Judith Butler: Philosophical Encounters of the Third Kind
The title of the new documentary on feminist theorist Judith Butler plays upon Dr. J. Allen Hynek’s hypothesis that there are three possible kinds of encounters with aliens: the first kind is defined as “sighting,” the second as “evidence” and the third as “contact.” The title not only suggests that the intention of the documentary is to make “contact” with “Judith Butler,” but that, more to the point, something has prohibited this contact. The objective of the documentary, therefore, is “to popularize [Butler’s] insightful analysis of sexual identity and gender roles” so that contact can be made between “us” and “her,” the imaginary, inaccessible Other. Consequently, the result is that the past twenty years of Butler’s work is reduced into digestible phrases: “people are anxious about gender,” “gender is always about ambivalence” and “gender is always a failure.”
For those of “us” who engage with Butler’s work on a scholarly level, this documentary will be unsatisfactory; there is no critical discussion of Butler’s most contested ideas about gender, performativity, how she negotiates various (and seemingly disparate) theories into her own critical methodology or the problematic significance of Hegelian recognition in her theories on identity and ethics. Instead of establishing contact on a philosophical level, the desire is to make contact with Butler on a personal level. Thus the film opens with Butler describing herself as a “problem child,” who skipped classes and did “terrible things,” and ends with the camera lingering slowly over a photo of her with her partner and son.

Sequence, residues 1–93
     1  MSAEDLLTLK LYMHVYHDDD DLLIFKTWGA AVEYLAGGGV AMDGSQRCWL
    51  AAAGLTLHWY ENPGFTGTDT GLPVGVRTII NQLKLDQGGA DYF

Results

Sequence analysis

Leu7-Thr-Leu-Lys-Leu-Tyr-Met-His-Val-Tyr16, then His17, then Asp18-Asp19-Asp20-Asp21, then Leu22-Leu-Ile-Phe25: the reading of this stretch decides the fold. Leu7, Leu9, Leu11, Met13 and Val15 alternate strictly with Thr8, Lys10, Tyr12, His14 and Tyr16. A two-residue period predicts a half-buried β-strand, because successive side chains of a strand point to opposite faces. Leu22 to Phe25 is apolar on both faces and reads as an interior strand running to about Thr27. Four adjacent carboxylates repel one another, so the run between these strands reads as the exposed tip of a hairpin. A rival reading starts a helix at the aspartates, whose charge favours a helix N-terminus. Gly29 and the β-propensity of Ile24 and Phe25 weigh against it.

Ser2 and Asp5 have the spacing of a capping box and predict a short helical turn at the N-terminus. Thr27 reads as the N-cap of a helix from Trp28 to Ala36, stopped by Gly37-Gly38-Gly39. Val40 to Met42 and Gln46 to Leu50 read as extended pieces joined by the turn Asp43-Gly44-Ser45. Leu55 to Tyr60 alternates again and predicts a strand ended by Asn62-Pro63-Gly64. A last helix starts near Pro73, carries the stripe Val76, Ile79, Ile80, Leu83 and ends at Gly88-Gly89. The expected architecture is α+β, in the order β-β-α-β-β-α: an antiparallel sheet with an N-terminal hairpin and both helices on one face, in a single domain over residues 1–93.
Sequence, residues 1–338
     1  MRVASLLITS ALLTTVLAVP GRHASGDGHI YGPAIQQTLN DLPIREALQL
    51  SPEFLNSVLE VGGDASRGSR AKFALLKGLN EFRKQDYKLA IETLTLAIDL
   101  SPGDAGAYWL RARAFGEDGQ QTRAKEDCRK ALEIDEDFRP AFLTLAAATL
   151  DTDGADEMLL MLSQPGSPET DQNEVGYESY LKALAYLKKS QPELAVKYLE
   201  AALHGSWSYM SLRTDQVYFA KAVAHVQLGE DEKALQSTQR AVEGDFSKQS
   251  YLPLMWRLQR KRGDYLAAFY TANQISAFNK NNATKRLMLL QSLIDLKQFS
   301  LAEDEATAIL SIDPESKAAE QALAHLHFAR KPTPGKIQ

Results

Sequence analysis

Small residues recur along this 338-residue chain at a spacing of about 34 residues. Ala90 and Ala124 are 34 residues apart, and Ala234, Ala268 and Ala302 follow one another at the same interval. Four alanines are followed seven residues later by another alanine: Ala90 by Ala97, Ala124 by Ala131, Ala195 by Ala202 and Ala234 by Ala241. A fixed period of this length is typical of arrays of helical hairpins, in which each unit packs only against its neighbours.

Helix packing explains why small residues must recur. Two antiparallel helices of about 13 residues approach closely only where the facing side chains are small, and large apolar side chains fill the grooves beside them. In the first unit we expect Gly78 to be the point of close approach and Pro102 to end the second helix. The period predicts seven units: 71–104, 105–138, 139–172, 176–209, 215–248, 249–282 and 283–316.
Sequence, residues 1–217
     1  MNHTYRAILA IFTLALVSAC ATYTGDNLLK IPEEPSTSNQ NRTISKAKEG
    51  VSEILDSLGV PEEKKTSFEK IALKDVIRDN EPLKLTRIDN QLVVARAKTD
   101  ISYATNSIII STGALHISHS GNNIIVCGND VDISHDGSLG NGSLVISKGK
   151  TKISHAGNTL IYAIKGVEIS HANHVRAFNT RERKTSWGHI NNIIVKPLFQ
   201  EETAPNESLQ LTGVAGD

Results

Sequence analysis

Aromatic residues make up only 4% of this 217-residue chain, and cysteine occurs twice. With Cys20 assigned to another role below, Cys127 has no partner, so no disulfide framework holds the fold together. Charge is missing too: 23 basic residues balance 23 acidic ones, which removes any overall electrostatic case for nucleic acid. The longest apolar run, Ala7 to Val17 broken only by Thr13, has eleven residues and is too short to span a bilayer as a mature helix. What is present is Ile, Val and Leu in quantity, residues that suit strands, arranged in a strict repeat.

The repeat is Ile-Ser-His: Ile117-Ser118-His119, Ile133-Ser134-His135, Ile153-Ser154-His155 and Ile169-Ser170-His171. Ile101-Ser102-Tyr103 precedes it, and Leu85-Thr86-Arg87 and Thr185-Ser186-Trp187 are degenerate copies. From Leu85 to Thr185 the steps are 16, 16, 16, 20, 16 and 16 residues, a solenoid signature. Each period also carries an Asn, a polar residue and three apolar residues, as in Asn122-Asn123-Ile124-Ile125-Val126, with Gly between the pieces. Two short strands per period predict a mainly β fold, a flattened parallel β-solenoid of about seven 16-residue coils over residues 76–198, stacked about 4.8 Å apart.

The currency of academia in America seems to be in its value as entertainment - in scholars as celebrities, when morsels about their private lives can be included in the pages of People Magazine. It is no wonder then that we are told at length about Butler’s family owning movie theatres in Cleveland, or that her mother is like Joan Crawford. In one particularly intriguing, albeit uncomfortable, scene, Butler discusses her celebrity status, the invasion of her privacy by the press and that some criticism she receives is both personal and painful. Her frustration with the expectation that she must embody her own theory functions as ironic commentary on the documentary itself. It also raises the question about what compelled Butler to do the documentary—what kind of contact, and at what price?